Your opposite job

What is your opposite job? The Upshot section of the New York Times has tapped into an unusual data set collected by the Labor Department to try to answer that question.

Before we look at what they’ve got to say, let’s take a minute to talk about opposites. It might make sense that tall is the opposite of short, and light is the opposite of heavy (or is it the opposite of dark?). We could even stretch and say, given their opposing positions on the color wheel, there’s a case to be made for blue being an opposite to orange. But how many other things can be paired in that way?

I wouldn’t have thought that jobs would lend themselves to an “opposites” framework. So what’s going on here? The writer of the article is contrasting occupations based on the kinds of skills used most and least. For example, historians and lumberjacks are identified as opposite jobs. The skills used most by historians are said to be these:

History and archeology
Geography
writing
interpreting the meaning of information for others
written comprehension
written expression
sociology and anthropology
reading comprehension
philosophy and theology
oral expression

 

Lumberjacks, in contrast, are said to use these skills the most:

Speed of limb movement
Static strength
Stamina
Performing general physical activities
Reaction time
Gross body coordination
Dynamic strength
Ability to maintain balance
Depth perception
Trunk strength

 

The “used least” list for historians includes these skills:

Finger dexterity
Hearing sensitivity
Arm-hand steadiness
Ability to coordinate two or more limbs
Ability to reach with arms, hands and legs
Gross body coordination
Quality control analysis
Operation monitoring
Stamina
Wrist-finger speed

And for lumberjacks, it’s these:

Learning strategies
Thinking creatively
Written comprehension
Processing information
Service orientation
Coaching and developing others
Writing
Oral comprehension
Training and teaching others
Documenting/recording information

What other jobs are listed as opposites of each other?

Writer/author is the opposite of mobile home installer

Computer hardware engineer is the opposite of dry cleaner presser

Civil engineer is the opposite of slaughterer and meat packer

Accountant and auditor is the opposite of agricultural grader

Surgeon is the opposite of model

Graphic designer is the opposite of physicist

I’m also told that the opposite of “child, family and school social worker” is model. But wait–I thought surgeon was the opposite of model. Does that mean a social worker equals a surgeon? This probably isn’t a situation in which mathematical-type principles apply.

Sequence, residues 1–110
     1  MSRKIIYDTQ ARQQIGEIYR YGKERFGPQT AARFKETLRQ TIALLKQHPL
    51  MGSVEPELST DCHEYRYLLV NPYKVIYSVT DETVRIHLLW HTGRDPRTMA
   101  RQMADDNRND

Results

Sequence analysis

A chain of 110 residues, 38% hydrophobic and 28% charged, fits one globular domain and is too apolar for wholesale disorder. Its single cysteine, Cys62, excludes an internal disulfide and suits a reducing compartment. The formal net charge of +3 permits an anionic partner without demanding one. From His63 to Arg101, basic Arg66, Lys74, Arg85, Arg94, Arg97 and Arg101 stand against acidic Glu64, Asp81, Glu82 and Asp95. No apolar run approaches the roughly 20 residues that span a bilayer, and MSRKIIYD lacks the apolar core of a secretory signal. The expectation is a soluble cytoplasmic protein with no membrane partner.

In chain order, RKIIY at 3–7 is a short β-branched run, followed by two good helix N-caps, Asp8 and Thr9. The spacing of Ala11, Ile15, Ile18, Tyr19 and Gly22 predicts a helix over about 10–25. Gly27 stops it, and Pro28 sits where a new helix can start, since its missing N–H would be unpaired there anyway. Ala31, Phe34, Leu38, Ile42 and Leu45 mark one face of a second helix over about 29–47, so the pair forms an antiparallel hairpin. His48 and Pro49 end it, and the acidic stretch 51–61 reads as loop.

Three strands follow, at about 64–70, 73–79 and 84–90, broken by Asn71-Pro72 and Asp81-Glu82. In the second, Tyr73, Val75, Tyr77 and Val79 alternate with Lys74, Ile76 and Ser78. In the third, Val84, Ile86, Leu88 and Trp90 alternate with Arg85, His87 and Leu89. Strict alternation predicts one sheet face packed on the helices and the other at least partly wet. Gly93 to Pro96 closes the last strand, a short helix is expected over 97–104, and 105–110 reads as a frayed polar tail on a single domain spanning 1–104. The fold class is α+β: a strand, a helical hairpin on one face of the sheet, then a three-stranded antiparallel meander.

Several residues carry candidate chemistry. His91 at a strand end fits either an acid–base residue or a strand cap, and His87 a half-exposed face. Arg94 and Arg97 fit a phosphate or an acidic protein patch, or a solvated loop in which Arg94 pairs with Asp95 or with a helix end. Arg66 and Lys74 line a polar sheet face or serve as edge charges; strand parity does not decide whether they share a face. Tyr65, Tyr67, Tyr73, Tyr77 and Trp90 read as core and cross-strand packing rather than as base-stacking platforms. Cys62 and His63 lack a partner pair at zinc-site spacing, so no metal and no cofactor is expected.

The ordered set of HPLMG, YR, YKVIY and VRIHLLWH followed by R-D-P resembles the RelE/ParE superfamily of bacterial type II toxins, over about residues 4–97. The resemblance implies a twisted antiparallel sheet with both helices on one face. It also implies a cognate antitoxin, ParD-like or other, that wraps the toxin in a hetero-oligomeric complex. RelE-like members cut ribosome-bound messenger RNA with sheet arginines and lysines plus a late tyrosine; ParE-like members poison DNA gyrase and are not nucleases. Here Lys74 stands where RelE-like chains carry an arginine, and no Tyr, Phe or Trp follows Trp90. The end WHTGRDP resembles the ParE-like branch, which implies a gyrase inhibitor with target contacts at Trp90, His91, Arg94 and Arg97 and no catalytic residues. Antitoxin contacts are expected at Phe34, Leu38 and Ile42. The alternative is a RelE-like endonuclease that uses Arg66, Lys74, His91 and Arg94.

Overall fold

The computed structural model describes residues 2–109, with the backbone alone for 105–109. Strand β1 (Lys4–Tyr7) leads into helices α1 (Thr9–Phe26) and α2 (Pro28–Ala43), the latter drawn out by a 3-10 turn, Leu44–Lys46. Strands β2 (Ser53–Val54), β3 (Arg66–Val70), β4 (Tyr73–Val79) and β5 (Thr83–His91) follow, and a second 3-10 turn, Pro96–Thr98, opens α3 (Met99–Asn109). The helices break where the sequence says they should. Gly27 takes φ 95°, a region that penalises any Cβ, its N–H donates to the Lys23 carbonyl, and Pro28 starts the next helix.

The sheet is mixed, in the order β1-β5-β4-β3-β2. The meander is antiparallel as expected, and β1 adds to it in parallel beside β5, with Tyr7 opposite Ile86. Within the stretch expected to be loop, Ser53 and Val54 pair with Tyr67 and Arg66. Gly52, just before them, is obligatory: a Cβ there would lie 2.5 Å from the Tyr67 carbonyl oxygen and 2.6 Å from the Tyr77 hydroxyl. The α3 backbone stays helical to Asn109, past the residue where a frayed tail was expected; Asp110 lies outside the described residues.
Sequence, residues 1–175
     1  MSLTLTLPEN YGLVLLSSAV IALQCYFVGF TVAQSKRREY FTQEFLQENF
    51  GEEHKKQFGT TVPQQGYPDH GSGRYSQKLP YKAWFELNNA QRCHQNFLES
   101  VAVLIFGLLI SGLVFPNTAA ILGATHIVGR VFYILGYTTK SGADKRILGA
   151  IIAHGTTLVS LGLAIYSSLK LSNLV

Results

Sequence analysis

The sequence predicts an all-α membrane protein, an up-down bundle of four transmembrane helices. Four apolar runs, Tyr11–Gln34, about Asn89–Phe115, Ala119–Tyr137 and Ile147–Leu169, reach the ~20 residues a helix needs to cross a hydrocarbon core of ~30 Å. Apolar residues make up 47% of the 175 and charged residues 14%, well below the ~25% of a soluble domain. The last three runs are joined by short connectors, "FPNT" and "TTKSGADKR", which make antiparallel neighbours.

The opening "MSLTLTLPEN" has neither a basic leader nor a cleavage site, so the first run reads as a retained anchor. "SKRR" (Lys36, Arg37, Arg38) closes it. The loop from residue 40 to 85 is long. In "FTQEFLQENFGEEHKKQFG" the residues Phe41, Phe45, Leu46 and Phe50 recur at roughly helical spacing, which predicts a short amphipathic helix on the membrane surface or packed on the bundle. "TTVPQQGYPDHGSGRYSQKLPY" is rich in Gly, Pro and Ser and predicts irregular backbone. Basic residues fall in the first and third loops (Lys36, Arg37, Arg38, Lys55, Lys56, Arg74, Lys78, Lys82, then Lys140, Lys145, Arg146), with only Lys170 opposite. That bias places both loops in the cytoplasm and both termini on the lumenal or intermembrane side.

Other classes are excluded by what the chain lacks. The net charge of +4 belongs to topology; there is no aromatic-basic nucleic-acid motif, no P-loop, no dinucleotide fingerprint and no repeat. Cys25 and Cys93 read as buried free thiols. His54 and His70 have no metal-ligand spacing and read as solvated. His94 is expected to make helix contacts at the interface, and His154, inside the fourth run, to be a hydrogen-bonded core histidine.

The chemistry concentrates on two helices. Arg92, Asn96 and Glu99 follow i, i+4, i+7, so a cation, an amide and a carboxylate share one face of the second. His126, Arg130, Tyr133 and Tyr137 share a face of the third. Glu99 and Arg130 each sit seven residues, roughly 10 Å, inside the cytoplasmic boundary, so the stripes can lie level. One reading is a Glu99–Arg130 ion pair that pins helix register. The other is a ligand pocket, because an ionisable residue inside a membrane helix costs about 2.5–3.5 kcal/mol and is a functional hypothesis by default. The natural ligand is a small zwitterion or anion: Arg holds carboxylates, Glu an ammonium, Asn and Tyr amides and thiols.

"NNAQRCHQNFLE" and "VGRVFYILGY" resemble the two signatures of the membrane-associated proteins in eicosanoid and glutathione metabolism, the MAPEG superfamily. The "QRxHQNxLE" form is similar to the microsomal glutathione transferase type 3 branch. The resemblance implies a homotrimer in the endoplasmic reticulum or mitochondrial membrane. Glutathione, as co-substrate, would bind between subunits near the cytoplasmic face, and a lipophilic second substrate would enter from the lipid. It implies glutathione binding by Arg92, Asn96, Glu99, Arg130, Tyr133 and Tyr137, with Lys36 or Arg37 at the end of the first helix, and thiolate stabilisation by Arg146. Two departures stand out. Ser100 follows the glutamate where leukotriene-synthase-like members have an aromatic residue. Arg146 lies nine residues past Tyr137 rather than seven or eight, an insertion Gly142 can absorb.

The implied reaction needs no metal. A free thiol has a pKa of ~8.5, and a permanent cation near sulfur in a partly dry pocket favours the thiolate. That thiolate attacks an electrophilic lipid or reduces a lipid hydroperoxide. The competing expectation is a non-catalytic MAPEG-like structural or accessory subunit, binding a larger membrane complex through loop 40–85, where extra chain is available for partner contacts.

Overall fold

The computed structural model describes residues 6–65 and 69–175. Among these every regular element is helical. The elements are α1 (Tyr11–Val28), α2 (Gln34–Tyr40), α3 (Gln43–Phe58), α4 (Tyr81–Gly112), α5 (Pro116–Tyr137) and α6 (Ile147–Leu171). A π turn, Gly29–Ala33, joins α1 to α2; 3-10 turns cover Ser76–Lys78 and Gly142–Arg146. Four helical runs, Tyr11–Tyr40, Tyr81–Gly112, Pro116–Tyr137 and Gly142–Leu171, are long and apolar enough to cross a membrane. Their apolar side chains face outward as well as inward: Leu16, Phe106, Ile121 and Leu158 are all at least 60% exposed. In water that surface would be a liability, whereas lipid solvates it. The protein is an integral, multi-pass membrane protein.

I also found that physicist shows up as the opposite of a lot of occupations (dental laboratory technician, tractor-trailer truck driver, construction laborer), as does model (the opposite of biological scientist, aerospace engineer, diagnostic medical sonographer, financial analyst), and they show up as opposites to each other. It all seems a little confusing.

I wonder what utility there is in trying to figure out what career might be opposite your own. Is it to see how the other half lives? Is it so that you can say to yourself, on a day when you hate your job, “yeah, but at least it’s better than being a slaughterer and meat packer all day.”* I would have thought, though, that rather than chasing down the thing that’s most different from your own job, it would be more tempting to figure out what your twin job is–the job that uses the same set of skills, but configures them in a different way. Maybe that article hasn’t been offered to us because knowing what you might be doing but aren’t could give you a bad case of unproductive might-have-been-itis, and generally make you feel discontented.

If you want to risk knowing what your twin job is, you might be able to get a lead on that sort of thing by poking around in the data from the Labor Department that was used in the Opposite Job article. You can find it at O*NET OnLineSearching for the job you do now, you might be able to find the cluster that it’s in, and see what other jobs use your skills.

But don’t stop there: you can search by all kinds of criteria. Under their advanced search you can browse by ability–if you’ve got great depth perception, it will list a few dozen jobs where that’s a real asset. If your wrist-finger speed is awesome, they can tell you where you’ll be a big hit.

Whether or not you think it’s a bit odd to try to pair up jobs with their opposites, you might be curious to see what the article’s authors think is your opposite job. You can find out here. (It’s not flawless–the job list is limited, but you can probably find one that’s similar to what you do.) I mostly had fun plugging in jobs and shaking my head at how physicist can be the opposite of so many jobs that are so different from each other.

 

It’s been ages since I spent any time in a setting where “what you might want to choose as a career” was a topic of conversation, but my recollection was that there was not a lot of easily accessible, quality information. I hope that these days when people are looking for a match between their skills and interesting jobs that can use them, they get hooked up with the resources that will lay it all out in front of them.

I’m reminded of Marian Wright Edelman’s assertion that “you can’t be what you can’t see.” I think it can also apply here–what if you would make an awesome [fill in some interesting blank], but you had no idea such a career existed? If you’re looking for a job, I hope you find a great fit, and that you stay far away from your opposite job.

 

*Maybe the author knew the idea of an opposite job was squirrelly from the start, but kept going with it, thinking people might come just out of curiosity. I certainly took the bait.

 

[Images: Sandraboynton.com, usabilitygeek.com, activehistory.co.uk, smokymountaintreeservice.com, slideshare.net]

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